The Louisiana Purchase Treaty Was An Unconstitutional Expansion Of Federal Powers

1066 Words Sep 27th, 2016 5 Pages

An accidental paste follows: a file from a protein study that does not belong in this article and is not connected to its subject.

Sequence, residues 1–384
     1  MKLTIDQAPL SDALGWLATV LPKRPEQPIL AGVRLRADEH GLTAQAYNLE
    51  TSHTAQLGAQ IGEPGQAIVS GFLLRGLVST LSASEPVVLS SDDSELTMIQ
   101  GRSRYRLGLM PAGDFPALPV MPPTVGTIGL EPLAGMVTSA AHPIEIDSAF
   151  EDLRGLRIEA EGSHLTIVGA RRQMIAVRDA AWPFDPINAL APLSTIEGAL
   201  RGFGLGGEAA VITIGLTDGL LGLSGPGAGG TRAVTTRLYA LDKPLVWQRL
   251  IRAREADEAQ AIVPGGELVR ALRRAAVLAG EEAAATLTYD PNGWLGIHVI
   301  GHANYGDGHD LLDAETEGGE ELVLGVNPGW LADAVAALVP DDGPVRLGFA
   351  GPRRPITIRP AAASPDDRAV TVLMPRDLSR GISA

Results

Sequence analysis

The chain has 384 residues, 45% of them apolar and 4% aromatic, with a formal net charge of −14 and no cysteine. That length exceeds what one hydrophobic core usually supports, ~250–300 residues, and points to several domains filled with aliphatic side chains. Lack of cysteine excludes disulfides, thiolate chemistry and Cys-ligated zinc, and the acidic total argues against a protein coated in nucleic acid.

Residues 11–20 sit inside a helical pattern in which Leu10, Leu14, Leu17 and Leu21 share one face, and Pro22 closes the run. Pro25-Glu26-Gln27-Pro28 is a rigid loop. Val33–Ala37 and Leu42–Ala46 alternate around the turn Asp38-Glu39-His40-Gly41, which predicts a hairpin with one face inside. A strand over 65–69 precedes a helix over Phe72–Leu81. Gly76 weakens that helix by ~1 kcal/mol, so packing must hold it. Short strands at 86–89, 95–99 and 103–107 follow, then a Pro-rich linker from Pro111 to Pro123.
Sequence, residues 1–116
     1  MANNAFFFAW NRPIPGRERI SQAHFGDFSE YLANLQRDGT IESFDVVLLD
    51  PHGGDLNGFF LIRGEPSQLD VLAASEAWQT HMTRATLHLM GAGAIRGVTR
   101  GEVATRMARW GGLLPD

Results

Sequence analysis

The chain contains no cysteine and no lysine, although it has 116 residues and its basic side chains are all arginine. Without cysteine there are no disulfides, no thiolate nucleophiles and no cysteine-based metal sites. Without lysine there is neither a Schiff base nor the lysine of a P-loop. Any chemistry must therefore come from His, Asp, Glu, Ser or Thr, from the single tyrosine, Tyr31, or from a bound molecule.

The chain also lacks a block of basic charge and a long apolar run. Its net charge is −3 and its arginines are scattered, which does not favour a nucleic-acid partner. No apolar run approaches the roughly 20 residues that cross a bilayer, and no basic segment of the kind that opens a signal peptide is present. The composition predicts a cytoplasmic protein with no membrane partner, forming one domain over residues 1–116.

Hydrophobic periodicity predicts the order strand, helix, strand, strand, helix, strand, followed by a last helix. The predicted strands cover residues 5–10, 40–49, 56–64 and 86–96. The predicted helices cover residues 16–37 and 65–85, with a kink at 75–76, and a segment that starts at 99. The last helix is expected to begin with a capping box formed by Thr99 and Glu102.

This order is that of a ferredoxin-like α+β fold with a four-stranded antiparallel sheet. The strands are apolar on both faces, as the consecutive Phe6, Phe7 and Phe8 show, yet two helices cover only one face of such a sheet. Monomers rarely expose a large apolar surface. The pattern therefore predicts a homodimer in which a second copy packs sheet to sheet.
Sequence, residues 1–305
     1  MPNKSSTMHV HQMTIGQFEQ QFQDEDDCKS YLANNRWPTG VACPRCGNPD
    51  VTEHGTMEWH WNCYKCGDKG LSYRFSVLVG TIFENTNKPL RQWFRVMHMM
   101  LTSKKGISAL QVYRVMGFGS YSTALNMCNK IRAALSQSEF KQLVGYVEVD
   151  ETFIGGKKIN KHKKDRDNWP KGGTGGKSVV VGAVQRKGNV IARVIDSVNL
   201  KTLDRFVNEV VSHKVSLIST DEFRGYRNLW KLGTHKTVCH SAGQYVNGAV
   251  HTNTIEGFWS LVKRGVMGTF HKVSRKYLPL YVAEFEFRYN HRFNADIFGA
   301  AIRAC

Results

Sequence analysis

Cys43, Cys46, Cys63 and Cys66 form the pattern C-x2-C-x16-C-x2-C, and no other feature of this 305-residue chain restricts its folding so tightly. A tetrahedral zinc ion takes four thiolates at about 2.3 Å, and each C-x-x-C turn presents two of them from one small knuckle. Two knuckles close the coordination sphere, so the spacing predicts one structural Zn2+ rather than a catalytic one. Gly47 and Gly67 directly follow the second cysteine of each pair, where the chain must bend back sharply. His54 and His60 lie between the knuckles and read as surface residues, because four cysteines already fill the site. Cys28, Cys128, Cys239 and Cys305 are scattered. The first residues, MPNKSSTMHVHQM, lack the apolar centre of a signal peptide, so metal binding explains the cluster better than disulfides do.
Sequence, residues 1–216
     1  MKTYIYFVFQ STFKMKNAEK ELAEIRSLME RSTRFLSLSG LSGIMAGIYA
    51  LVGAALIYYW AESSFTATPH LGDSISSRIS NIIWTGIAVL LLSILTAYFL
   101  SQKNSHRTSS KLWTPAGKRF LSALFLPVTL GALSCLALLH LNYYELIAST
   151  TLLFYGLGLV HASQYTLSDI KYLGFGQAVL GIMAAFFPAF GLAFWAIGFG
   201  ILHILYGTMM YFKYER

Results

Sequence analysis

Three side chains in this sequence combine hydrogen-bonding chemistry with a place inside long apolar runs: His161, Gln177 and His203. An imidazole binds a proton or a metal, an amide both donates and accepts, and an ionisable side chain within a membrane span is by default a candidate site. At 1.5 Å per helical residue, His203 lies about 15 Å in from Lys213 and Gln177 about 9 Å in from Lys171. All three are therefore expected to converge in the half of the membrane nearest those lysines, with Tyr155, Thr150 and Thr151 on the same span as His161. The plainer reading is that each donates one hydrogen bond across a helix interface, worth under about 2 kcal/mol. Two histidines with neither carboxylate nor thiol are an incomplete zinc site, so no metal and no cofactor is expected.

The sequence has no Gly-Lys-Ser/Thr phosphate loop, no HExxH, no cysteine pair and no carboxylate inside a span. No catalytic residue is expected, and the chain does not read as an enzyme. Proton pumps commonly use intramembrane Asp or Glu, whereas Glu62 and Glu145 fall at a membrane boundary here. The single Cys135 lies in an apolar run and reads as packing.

For most Americans, the Louisiana Purchase is regarded as one of the most influential treaties of our nation in expanding its borders and securing its status as a world powerhouse in political dominance. However, a significant yet otherwise subdued dilemma the Louisiana Purchase treaty caused was an unconstitutional expansion of federal powers, specifically with regards to the president. Robert Knowles argues that the assumed expansion of federal powers to include additions of states and integration into the union significantly hindered the balance between federal powers and state powers, granting the former much more importance in the “empire of liberty” model. Specifically, though, the Louisiana Purchase treaty was conducted with no regards to a formal amendment that would allow President Jefferson to authorize such a deal of expansion of the union. Because President Jefferson blatantly ignored the used of Article Five and its “only text-based method for amending the Constitution” (Knowles, 408), Knowles argues that the use of Article Five and its amendment-making process became obsolete and a formality by all three branches of the United States Government, and that the people became a more powerful weapon than the states. More narrowly, Knowles contends that the President now had precedence and comfort to bypass amendment creation for constitutional change he sought for, Congress followed suit with Jefferson’s neglect by they themselves neglecting to authorize…

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